DMB’s Last Stop in Philly Should Be Their Norm

DMB in Philly on December 22, 2012 (Photo via

DMB in Philly on December 22, 2012 (Photo via

After over two decades of touring, a certain standard is held in the eyes of the Dave Matthews Band fanbase in regards to their beloved band.

Philadelphia’s show was that standard.

On December 22, DMB finished their mini 15-show tour in the City of Brotherly Love, finding a perfect combination of new and old songs that fans hope would be the norm heading into 2013.

The tour was in support to their eighth studio album, Away From the World, which came out in the fall. Six songs from the new album were a part of the 20-song set list.

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DMB’s Away From the World: A Song-By-Song Analysis

2009 was an interesting year for the Dave Matthews Band.

It was less than a year since the passing of saxophonist LeRoi Moore that the band put together an album based around praising Moore’s life. Rock producer Rob Cavallo was brought in to help put that album together and in June, “Big Whiskey and the GrooGrux King” was released.

Big Whiskey turned out to be a strong album, but it didn’t capture what DMB was. Electric guitarist Tim Reynolds was all over the album, and in a bad way. Dave’s song-writing musically and lyrically was cheesy at best, and in the end, only a couple of songs off the album will be memorable within the fanbase.

Three years later, DMB reunited with Steve Lillywhite, the producer of their first three albums, and he immediately went to work in making the Dave Matthews Band what it was in the early 90’s.

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DMB Plays Weakest Two Nights At Camden in Four Years

Camden has been a strong destination for Dave Matthews Band the past few years.

2009 and 2010 concert goers at the Susquehanna Bank Center were treated to four fantastic shows in one of the most underrated concert venues on the east coast.

But after a year off from the venue, it seemed that the band lost some of the magic it was creating in the city of New Jersey closest to Philadelphia.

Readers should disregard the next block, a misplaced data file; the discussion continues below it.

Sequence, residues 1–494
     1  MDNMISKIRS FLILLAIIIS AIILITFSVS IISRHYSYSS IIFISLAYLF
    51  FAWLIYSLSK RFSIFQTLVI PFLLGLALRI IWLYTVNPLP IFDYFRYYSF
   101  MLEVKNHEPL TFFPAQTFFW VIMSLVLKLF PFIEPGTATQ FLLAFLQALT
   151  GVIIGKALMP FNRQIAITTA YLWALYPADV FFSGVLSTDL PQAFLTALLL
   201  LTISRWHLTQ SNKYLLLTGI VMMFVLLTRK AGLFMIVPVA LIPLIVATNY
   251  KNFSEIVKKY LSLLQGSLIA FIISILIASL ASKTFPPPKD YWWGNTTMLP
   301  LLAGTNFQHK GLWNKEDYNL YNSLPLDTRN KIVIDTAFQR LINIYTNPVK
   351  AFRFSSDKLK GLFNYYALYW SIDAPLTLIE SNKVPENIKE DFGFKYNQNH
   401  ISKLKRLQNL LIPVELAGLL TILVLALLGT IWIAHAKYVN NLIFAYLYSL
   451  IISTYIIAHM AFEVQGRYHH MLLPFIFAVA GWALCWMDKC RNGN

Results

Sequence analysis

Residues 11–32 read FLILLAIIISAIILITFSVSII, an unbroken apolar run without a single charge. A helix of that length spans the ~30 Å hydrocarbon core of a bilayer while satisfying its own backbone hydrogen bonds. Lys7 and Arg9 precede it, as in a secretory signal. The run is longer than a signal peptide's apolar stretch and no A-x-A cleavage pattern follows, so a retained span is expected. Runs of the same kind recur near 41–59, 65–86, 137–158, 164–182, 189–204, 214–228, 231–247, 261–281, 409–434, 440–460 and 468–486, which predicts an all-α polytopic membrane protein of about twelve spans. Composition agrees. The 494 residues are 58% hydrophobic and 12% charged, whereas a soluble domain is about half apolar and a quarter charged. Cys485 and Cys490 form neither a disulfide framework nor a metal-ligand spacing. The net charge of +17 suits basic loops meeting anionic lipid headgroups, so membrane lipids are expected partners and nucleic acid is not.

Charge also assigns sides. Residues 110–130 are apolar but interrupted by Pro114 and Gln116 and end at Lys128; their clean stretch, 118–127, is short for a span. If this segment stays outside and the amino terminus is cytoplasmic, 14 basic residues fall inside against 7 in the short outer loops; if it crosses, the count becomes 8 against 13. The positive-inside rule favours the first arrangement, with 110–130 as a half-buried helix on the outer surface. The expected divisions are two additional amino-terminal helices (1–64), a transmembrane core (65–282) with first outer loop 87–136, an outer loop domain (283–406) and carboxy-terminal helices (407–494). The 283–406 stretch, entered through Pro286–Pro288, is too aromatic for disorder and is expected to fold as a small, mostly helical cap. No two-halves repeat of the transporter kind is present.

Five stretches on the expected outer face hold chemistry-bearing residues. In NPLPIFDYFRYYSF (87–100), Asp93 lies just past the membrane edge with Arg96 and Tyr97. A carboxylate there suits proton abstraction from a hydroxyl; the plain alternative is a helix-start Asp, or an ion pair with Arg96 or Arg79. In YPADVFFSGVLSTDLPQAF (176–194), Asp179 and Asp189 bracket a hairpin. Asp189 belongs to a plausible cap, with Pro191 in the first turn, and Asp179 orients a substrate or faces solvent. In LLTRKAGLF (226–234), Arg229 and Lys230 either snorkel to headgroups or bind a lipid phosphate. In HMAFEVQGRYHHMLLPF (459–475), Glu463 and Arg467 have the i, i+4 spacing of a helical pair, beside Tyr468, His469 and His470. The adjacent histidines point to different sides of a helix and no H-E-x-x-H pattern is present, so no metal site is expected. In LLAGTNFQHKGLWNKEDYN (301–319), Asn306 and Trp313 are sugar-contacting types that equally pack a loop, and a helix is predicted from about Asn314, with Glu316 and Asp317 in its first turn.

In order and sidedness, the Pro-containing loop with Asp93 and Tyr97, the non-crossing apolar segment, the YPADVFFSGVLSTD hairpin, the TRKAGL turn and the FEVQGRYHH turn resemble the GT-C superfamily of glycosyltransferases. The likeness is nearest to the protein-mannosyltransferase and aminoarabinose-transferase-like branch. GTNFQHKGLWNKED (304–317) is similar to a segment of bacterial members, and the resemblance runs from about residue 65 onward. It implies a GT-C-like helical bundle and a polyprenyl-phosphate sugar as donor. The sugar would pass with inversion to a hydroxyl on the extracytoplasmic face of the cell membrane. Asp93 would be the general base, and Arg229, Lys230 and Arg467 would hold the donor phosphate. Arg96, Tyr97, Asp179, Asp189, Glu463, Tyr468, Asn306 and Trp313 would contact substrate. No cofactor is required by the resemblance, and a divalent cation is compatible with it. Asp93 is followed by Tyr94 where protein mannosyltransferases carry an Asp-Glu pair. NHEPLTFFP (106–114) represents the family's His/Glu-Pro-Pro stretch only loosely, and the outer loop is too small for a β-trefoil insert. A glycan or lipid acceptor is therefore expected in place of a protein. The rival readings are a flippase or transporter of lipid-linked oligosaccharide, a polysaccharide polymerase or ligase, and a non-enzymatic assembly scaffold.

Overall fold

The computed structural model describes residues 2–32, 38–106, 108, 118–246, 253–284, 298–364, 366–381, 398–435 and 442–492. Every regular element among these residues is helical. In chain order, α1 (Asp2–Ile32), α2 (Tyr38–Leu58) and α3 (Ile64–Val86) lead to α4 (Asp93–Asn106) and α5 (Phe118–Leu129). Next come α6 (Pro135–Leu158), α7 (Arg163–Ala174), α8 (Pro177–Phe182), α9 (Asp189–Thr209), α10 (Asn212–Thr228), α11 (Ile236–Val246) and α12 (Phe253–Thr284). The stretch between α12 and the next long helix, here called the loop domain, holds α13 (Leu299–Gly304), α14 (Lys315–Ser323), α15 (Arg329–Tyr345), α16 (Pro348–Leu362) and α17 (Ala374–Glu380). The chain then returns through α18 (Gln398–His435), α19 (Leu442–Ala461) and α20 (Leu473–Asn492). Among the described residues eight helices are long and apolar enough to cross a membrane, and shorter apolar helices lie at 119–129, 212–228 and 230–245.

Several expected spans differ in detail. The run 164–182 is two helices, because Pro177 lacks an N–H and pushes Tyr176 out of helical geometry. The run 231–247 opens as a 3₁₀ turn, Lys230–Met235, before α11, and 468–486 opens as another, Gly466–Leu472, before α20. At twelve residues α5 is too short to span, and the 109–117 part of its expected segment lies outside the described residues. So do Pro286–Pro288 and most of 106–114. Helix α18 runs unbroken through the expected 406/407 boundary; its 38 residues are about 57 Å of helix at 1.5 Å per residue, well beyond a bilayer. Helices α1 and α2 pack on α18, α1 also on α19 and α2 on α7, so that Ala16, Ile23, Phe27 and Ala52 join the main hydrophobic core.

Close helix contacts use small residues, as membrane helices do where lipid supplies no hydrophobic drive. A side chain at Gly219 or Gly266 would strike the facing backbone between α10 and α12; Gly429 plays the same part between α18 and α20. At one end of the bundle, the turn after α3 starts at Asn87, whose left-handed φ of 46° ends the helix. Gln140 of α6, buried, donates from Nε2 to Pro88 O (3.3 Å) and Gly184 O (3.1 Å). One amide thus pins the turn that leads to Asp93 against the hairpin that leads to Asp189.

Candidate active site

The band played well at both shows, and maybe it’s just the fact both shows were my 17th and 18th career DMB concerts that create these feelings. But either way I will try my best to look at this objectively.

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Concert Review: Dave Matthews Band

Dave Matthews

Band: Dave Matthews Band
Date: June 24-26, 2011
Venue: Bader Field in Atlantic City, NJ
Rating (5-star rating): 5

It had been a seven-month wait for me to see my favorite band. This time, I didn’t have to travel to Philly, Camden or Hershey to dance my ass off but instead ride my bike over to Bader Field and take in the show.

The three-night stand marked my 14th, 15th and 16th DMB shows with the 16th being potentially the greatest DMB show I’ve ever attended. Busting out covers, gems and songs we thought were dead, DMB rocked AC harder than expected.

Friday [setlist]: They kicked off the weekend with a good show on Friday. They played a pretty mainstream set with a few surprises tucked in. Opening four songs sounded like any typical festival with “Don’t Drink the Water,” “You Might Die Trying” and the “Proudest Monkey/Satellite” combo.

But it was the fifth song that shocked many hardcore fans: “Captain.” This song hasn’t been played since 2005 and is one of the best songs lyrically off the 2002 album “Busted Stuff.”

The band continued on with more typical festival-songs and even featured guest guitarist David Ryan Harris to come out on stage for “Jimi Thing.” They finally broke up the run with a song many people thought was new. Instead, it was a cover of Morphine’s 1994 song “Buena,” which featured a bari sax solo by Jeff Coffin.

After giving every woman in the audience an orgasm with “Crash Into Me,” Matthews brought out his tiny Gryphon guitar and played the opening chords to “Shotgun.” Much of the crowd stood frozen, either trying to figure the song out or too shocked to do anything (I was screaming like a girl). Once the band joined in on Shaotguns more familiar riff, the place blew up.

The encore was one of the coolest ones I’ve heard. A four-song set, Dave again came out with the Gryphon and played a beautiful rendition of Procol Harum’s “A White Shade of Pale.” The band then joined in on “Stay or Leave” and “Grey Street.” With one more song left in the tank, Tim Reynolds went Led Zeppelin on us and played the opening riff to “Good Times Bad Times.” The rest was history as they tore apart Zeppelin’s hit, musically and vocally.

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